Suspiciously light tube attracted customs officers. Feathers of endangered bird species found inside
West Pomerianian branch of the National Revenue Administration (KAS) has found feathers of birds of prey protected under the Washington Convention. The parcel was sent in Serbia and its contents were supposed to reach the Polish city of Koszalin.
The parcel which attracted the attention of Szczecin customs officers had the shape of a long tube and was very light. It turned out it contained a few bird feathers tens of centimetres long.
"CITES coordinator from KAS confirmed those feathers belonged to birds of prey - griffon vulture, bearded vulture and Andean condor. All these species are on the CITES endangered species list," Szczecin Chamber of Fiscal Administration spokesperson Małgorzata Brzoza said.
CITES (the Convention on International Trade in Endangered Species of Wild Fauna and Flora) - also known as the Washington Convention - is an international agreement between governments. Its aim is to ensure that international trade in specimens of wild animals and plants does not threaten the survival of the species.
"Annually, international wildlife trade is estimated to be worth billions of dollars and to include hundreds of millions of plant and animal specimens. The trade is diverse, ranging from live animals and plants to a vast array of wildlife products derived from them, including food products, exotic leather goods, wooden musical instruments, timber, tourist curios and medicines. Levels of exploitation of some animal and plant species are high and the trade in them, together with other factors, such as habitat loss, is capable of heavily depleting their populations and even bringing some species close to extinction," CITES says at its webiste.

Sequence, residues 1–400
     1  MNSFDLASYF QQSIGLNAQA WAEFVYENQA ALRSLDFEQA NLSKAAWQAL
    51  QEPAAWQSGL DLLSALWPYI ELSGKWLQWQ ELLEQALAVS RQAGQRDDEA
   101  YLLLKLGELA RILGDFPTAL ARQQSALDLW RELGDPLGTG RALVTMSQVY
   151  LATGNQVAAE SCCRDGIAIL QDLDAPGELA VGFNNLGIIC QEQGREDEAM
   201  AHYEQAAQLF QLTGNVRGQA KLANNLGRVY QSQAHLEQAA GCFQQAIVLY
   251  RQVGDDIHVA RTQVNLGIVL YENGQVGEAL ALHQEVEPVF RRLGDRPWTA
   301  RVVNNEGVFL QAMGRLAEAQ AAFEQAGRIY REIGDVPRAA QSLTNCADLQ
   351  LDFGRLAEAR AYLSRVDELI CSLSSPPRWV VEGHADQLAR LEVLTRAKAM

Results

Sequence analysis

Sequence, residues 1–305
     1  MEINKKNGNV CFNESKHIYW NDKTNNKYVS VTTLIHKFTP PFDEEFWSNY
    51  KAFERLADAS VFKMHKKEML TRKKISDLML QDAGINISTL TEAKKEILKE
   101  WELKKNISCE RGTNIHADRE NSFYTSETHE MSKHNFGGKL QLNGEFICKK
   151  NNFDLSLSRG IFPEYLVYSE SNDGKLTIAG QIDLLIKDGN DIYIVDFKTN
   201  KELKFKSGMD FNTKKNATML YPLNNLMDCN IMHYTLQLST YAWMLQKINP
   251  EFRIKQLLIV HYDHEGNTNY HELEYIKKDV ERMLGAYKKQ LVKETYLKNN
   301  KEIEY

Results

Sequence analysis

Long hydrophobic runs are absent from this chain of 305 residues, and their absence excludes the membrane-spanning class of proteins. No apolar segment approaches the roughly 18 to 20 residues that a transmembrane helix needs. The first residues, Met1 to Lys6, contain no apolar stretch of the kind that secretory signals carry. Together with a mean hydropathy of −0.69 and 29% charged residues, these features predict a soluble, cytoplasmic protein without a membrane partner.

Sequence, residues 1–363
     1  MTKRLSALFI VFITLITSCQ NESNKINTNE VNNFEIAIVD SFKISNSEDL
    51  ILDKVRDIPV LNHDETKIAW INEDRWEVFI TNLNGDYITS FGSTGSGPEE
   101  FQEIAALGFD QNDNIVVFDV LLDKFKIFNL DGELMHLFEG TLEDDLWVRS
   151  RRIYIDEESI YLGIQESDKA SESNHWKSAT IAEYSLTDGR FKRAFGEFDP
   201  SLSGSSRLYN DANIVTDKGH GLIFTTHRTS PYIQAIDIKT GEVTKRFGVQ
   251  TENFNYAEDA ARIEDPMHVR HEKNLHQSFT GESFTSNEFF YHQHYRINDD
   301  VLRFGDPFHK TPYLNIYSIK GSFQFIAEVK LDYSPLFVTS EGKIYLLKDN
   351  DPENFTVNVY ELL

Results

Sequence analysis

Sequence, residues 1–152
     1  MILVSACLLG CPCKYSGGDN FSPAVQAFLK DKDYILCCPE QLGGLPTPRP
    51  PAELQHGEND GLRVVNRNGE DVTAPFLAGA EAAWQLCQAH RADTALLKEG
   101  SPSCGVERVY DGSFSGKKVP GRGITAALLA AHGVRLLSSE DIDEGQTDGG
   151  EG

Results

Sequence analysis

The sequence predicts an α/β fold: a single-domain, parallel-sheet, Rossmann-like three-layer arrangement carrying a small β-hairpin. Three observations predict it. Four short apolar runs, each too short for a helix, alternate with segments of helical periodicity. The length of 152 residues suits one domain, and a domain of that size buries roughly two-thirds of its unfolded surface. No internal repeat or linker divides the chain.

"Many wildlife species in trade are not endangered, but the existence of an agreement to ensure the sustainability of the trade is important in order to safeguard these resources for the future," CITES says.
According to Małgorzata Brzoza, the convention (Washington Convention - edit.) assigns species to four groups, of which group A are species at the highest risk of extinction. The birds whose feathers were found in the parcel belong to group A.
"If someone wanted to legally import this sort of items they they should hold adequate permits, which are issued very rarely when it comes to such species. Trading in them is strictly monitored," she stressed.
The feathers have been handed over to the investigative unit.
Customs need to stay alert
Assessing the contents of mail parcels is quite a challenge for customs officers.
"The contents of checked parcels vary a lot, which requires the officers to possess extensive knowledge in many fields. Our "mail" officers have already demonstrated high alertness more than once. The items they have seized under CITES include pharmaceuticals containing powdered seahorse, pieces of varanid, ostrich and beaver skins, crocodile skull, but we haven't had feathers before," Małgorzata Brzoza added.
Źródło: TVN24 News in English, tvn24.pl
Źródło zdjęcia głównego: Krajowa Administracja Skarbowa